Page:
By Merisa Sherman

When they got married, a woman told her husband that they could share anything and everything in their lives as long as he promised never to look in any particular drawer. Of course, the man began to imagine all sorts of things stored in this drawer: from a lover’s notes to pieces of a corpse. As their marriage went on, he would ask her to let him have a look in that drawer, but she never broke. It was her private space, she explained. And could he please give her that one thing? When she died, the first thing the man did was open the drawer of her secret life.

It was filled with pom-pom hats. So many different styles, sizes and colors came out of the drawer, so full because of the collection she had amassed over the years. The husband was stunned and burst out laughing, acknowledging so many hats off to their life together. Each hat was almost a keepsake – she had worn that hat on their honeymoon, this one had been for a ski vacation in Europe. There was their life, a story told in bobble hats. And man, he laughed. A full laugh, from his belly with the love for his wife pouring out with every jolt of his body.

As far back as I can remember, I got my first bobble hat when I was about 6 or 7 and we went somewhere on a family trip out west. It was a pale yellow with a few very well-spaced pink horizontal floral stripes and a pale pink pom pom that was about the size of my little head. It could even have been bigger. It was the early 80s and pastels were dominating the fashion world. My whole outfit was a bold statement of solid pale pink and I have no idea to this day how my mom kept it clean. For some insane reason, I had decided to collect pins from every ski area we visited and attached them to this already ridiculous bobble hat. I liked it.

In the late 80s, my pom poms were neon with the most hideous knitting patterns imaginable. In the 90s, my pom poms were bold, matching the blue and purple blocking of my super fashionable Descente jackets. As I got faster and joined the Killington ski team, I switched to these tiny Nordic Swix pom poms with intricate jacquard patterns in the knit. My favorite was red and white. In the 2000s I kept the intricate patterns but went green which landed me on the Pico trail map cover. For me, pompoms and skiing were intimately linked. How could you do one without the other?

Freya, the Norse goddess of war, was seen wearing a pom-pom in the late 9th century and French sailors still used pom-poms to protect their heads from ship’s beams in the 15th century. In fact, the original term is pompon, a French word for little bobble thing. The Scots have worn pom poms on their tammies (Tam O’Shanter) since the late 16th century. Many people wear a bobble hat to navigate their small spaces, like their attics or basements. The pom pom was used by military and religious organizations to denote rank and during the Great Depression pom poms were the cheap and easy way to dress up any outfit.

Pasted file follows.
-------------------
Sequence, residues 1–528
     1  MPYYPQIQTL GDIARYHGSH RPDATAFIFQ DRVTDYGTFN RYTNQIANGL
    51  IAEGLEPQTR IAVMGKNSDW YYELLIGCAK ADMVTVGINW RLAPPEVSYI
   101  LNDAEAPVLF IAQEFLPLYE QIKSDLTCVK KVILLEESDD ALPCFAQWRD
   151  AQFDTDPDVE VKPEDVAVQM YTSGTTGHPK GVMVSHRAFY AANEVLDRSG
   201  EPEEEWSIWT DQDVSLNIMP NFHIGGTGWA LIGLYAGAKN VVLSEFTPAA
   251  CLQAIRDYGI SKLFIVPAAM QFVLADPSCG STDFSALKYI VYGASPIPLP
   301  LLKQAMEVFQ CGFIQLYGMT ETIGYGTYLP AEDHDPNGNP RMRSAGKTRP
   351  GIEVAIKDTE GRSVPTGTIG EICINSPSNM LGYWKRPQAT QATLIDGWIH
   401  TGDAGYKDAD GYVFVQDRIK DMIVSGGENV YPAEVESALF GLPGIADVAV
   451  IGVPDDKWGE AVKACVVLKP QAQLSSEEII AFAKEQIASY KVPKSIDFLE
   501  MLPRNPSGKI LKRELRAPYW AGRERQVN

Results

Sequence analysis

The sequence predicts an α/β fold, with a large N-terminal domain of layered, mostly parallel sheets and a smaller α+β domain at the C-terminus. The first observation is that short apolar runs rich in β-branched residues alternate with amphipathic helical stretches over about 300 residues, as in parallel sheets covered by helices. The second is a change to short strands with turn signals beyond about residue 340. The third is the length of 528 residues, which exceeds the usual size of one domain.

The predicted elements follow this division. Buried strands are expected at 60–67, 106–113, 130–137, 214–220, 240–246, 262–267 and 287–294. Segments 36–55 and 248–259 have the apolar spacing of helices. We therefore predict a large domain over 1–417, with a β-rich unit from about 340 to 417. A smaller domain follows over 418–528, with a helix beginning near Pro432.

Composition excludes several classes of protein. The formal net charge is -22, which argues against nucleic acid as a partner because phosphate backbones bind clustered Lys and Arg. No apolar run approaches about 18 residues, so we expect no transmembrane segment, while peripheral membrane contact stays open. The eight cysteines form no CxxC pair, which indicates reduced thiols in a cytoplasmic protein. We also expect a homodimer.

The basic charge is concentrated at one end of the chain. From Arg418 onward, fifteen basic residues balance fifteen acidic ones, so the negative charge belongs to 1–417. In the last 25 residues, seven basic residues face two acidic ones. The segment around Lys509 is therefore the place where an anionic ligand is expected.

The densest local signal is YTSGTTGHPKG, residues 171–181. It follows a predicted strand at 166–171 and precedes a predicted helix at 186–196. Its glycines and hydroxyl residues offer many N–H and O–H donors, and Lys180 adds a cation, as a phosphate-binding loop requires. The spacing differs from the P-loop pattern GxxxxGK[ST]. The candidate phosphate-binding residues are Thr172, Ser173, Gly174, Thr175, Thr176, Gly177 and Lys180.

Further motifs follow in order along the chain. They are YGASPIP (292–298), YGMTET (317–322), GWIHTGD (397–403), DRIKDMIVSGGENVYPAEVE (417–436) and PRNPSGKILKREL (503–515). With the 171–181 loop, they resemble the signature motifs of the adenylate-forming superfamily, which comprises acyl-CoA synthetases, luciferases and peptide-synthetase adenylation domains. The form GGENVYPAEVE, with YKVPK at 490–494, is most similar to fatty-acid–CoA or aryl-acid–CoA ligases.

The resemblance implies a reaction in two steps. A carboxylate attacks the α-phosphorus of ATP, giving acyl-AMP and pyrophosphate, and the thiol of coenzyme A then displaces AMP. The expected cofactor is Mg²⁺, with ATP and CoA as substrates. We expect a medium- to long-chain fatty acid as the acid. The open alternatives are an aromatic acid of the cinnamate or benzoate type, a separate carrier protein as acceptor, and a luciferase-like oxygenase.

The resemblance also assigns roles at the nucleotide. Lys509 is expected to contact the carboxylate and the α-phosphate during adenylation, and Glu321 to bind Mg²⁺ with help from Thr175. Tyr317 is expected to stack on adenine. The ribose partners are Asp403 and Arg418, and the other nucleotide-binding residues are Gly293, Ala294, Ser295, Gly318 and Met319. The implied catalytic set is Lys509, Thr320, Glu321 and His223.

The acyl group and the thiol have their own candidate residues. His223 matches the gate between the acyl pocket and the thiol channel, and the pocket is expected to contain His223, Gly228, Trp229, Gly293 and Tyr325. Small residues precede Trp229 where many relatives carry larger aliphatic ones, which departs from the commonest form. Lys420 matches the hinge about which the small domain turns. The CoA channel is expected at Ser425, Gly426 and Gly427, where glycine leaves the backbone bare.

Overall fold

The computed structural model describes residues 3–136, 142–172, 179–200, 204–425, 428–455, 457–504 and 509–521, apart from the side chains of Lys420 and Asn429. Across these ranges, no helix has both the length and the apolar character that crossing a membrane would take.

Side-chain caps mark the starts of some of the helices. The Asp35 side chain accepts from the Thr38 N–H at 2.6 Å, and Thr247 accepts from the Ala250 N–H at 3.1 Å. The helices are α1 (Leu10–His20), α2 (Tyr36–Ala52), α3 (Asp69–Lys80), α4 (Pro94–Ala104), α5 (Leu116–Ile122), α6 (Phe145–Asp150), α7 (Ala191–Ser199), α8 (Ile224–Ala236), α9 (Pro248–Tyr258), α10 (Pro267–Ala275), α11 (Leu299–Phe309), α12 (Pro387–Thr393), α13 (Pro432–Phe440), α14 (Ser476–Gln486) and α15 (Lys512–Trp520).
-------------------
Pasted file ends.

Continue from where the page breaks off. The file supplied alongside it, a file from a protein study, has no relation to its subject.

Since the Vikings already wore pom poms on boats, it’s no exaggeration to imagine that they also wore them when they invented skiing and worshiped Ullr, the god of snow. Perhaps they used these pom-poms to protect themselves from tree branches while skiing, just as they would have done from large wooden beams in their homes and on ships. In my mind, the pom pom might actually be the original ski beanie.

I have a box of pom poms overflowing with love and memories, but I keep my three favorites of the moment on pillar candles to dry up overnight. Because yes, I always wear a bobble hat when I ski. I went back to the big, bold pom poms of my childhood. My athletes call me Coach PomPom and they can spot me halfway.

Right now I’m obsessed with my light purple AllieCap with a big brown pom pom. It does exactly what it was designed to do 14 centuries ago: it protects me from low branches when skiing in the woods and makes me feel like a ski princess. My pom pom beanies are a representation of me, from the knitting to the pom pom itself, each beanie telling a story of my life. Put them together, you have the “Tales from a Female Ski Bum”.

Merisa Sherman is a longtime Killington resident, KMS coach and local real estate agent. She can be reached at [email protected]

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